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July 13, 2006
Bush Agrees To FISA Oversight On NSA Program

Senator Arlen Specter says that the White House will support a bill that allows the Foreign Intelligence Surveillance Court to rule on the constitutionality of the Terrorist Surveillance Program. The bill makes the submission to the FISA judges voluntary, and Bush agreed to approve the legislation and submit the program as long as it remains voluntary:

The White House has conditionally agreed to a court review of its controversial eavesdropping program, Senate Judiciary Chairman Arlen Specter said Thursday.

Specter said President Bush has agreed to sign legislation that would authorize the secretive Foreign Intelligence Surveillance Court to review the constitutionality of the National Security Agency's most high-profile monitoring operations. ...

Specter said the legislation, which has not yet been made public, was the result of "tortuous" negotiations with the White House since June.

"If the bill is not changed, the president will submit the Terrorist Surveillance Program to the Foreign Intelligence Surveillance Court," Specter said. "That is the president's commitment."

I'm sure that quite a few people will find themselves very disappointed in this compromise; I'm not sure I agree. For those of us who argued that any authorization to wage war obviously includes the authority to gather intel on enemy communications, it also follows that the executive can still consult with Congress on how best to do that. The deal Specter announced does not detract from that power, but allows both the White House and the Congress to get a determination on that particular argument. It also allows both to challenge the FISA ruling and get a clear answer from the Supreme Court.

The bill itself does not strip power from the executive, now or in the future. The submission remains voluntary; in fact, as Senator Pat "Leaky" Leahy points out, the White House could submit the program for a FISA ruling now. However, the legislation now also allows the NSA to argue that the court has no jurisdiction over purely international communications that get routed through American equipment. It also allows FISA warrants to remain active for seven days rather than three, reducing the need to get more warrants on live leads.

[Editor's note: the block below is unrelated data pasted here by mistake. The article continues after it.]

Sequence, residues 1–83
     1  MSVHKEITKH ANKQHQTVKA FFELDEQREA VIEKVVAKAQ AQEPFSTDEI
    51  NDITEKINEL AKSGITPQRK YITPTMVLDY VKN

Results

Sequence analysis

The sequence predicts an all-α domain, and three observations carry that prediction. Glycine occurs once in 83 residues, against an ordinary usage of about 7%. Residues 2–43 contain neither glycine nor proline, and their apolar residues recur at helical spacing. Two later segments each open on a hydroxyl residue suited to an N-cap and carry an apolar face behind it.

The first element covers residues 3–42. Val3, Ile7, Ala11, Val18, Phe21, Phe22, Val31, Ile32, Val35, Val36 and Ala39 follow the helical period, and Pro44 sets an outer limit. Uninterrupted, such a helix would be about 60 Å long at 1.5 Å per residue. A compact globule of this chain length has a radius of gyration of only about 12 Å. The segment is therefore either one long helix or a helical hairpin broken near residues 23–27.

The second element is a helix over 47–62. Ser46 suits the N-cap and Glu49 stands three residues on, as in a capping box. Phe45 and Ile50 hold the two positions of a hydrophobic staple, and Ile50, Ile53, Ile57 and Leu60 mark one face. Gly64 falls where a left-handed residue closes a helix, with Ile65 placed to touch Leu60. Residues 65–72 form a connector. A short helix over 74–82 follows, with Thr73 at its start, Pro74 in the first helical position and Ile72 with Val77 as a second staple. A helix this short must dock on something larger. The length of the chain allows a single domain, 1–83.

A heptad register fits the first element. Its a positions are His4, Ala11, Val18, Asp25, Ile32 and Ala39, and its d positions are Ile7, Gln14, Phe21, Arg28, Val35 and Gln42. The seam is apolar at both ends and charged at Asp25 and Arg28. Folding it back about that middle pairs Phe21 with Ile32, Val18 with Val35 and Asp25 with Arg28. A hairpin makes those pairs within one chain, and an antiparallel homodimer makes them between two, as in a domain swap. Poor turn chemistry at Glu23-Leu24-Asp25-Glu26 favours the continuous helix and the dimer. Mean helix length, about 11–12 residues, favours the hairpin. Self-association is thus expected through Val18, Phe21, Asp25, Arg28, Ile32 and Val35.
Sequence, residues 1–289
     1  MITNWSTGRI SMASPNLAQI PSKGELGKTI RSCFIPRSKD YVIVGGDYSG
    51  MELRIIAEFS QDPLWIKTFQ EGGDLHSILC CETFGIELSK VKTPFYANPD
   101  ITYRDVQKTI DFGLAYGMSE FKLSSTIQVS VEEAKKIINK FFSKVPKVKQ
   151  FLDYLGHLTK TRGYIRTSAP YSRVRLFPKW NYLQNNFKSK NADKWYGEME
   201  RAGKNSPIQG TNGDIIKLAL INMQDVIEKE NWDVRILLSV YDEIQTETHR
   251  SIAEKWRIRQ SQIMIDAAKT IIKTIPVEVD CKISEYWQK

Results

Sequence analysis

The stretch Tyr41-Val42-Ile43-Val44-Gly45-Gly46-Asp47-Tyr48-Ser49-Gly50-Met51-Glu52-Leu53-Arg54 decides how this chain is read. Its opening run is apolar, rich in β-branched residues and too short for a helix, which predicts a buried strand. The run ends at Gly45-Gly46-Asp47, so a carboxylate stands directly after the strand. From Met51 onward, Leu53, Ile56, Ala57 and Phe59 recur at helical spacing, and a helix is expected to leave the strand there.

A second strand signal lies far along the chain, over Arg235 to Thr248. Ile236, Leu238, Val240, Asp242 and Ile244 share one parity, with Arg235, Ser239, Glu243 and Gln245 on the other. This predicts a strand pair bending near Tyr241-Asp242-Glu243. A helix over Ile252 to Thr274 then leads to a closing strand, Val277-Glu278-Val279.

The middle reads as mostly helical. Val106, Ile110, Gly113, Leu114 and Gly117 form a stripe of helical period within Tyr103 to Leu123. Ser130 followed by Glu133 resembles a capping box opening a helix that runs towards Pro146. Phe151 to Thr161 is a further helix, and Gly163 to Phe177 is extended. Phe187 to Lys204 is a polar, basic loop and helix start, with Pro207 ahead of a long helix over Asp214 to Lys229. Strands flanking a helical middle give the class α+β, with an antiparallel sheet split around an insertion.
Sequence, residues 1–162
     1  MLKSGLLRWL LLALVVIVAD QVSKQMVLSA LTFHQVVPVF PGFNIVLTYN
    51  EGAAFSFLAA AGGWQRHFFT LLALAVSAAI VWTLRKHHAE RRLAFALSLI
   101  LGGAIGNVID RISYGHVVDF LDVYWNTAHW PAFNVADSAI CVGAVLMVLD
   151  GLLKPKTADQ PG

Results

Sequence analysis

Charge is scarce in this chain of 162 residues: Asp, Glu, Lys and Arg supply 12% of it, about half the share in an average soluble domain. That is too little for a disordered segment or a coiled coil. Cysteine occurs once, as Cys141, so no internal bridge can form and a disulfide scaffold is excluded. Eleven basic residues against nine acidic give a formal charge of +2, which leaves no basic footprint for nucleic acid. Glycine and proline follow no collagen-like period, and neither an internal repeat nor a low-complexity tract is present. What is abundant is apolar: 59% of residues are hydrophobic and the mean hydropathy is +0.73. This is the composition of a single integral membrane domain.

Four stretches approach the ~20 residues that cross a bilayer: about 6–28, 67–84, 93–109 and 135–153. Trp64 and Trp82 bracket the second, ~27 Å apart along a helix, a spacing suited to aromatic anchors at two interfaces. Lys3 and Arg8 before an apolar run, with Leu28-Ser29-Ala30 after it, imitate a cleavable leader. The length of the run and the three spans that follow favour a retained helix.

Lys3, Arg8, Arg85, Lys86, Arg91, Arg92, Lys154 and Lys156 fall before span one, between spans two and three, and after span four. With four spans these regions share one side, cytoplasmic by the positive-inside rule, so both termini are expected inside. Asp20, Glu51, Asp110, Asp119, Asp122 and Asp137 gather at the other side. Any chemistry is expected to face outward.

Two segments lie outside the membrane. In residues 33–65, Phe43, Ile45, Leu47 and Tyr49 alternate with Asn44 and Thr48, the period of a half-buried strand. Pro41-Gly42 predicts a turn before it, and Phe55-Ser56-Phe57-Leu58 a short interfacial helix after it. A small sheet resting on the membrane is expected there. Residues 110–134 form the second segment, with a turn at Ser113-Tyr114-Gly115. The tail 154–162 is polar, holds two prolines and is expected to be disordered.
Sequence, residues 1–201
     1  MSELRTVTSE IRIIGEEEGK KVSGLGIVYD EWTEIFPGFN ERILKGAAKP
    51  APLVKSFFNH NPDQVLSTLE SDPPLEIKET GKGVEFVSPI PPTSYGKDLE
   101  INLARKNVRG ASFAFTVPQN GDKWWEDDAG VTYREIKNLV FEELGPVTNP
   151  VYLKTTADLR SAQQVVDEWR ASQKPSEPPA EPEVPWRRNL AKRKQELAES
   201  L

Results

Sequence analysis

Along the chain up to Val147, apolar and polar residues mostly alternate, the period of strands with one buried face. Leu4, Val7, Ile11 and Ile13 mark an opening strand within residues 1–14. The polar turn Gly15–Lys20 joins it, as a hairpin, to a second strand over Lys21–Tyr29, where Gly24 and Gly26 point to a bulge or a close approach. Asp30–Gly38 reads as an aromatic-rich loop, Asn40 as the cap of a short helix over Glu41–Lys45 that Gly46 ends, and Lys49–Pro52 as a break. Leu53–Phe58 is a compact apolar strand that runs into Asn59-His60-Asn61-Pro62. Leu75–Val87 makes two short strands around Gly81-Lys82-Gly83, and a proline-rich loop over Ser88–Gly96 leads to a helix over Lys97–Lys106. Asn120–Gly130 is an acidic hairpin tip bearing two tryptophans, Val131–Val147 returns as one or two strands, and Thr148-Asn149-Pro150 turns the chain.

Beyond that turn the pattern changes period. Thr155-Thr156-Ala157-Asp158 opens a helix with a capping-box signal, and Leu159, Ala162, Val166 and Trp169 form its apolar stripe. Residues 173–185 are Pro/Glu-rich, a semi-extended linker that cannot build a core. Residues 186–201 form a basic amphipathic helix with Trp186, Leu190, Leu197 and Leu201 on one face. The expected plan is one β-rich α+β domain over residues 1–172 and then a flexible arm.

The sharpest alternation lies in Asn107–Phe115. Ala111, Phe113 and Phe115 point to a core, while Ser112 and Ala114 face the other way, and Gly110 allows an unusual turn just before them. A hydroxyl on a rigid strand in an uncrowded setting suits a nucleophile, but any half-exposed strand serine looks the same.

It appears to me that the Bush administration gave up little in this exchange except their insistence on avoiding compromise. By the time FISA rules on the program and the appeals get through the Supreme Court, Bush will have retired to Crawford. He may lose a little face and have to endure a little gloating from those who can't see the forest for the trees, but in the end he will still have his programs and still hold the executive power to run them.

UPDATE: Michael van der Galien has a nice roundup at TMV on the reaction. Glenn Greenwald figured it out right away, although he and I obviously have differing opinions on the result.

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Posted by Ed Morrissey at July 13, 2006 3:14 PM

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» Battered Bush Syndrome from Hard Starboard
"Snarlin' Arlen" is just trying to save face. The key to this "compromise" is that subjecting the TSP to FISC review is voluntary. If he chooses not to do so, this legislation allows that refusal. If he chooses otherwise, he's not doing anything he c... [Read More]

Tracked on July 14, 2006 12:54 AM

» Review It. Or Not. from Liberty and Justice
An option seems - to put it extremely mildly - a little bit awkward to me. Either one believes it is highly important for a Court to review the Constitutionality of the program, or one believes it isn't necessary at all. As I wrote before I believe it ... [Read More]

Tracked on July 14, 2006 1:30 PM


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